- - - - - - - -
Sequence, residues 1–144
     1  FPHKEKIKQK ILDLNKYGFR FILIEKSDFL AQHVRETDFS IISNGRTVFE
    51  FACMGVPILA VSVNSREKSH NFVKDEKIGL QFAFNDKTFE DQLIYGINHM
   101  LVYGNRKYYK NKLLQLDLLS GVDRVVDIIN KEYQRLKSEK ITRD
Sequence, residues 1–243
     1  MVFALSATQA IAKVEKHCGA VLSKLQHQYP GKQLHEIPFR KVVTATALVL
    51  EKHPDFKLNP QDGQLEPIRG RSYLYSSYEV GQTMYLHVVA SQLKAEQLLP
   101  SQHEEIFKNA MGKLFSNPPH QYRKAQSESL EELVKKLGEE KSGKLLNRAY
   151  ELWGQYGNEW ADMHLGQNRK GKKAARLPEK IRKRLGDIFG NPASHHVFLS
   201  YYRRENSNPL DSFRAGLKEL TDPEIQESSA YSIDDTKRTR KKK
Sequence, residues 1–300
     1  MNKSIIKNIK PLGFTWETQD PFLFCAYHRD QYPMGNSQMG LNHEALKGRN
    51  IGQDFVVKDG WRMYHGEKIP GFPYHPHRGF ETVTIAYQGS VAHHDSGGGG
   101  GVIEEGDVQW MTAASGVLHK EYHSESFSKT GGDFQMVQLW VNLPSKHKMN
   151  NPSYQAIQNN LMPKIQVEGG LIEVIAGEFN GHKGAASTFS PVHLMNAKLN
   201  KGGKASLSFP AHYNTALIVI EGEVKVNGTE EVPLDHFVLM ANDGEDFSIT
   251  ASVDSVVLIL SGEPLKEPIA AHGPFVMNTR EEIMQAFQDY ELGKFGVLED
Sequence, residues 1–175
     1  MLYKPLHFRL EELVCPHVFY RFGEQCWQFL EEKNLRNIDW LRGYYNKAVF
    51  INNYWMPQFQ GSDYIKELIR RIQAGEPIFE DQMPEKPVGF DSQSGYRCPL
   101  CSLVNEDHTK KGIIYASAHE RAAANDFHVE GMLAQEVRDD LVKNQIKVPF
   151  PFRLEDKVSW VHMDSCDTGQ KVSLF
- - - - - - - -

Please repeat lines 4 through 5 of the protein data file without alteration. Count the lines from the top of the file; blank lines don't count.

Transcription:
   101  LVYGNRKYYK NKLLQLDLLS GVDRVVDIIN KEYQRLKSEK ITRD
Sequence, residues 1–243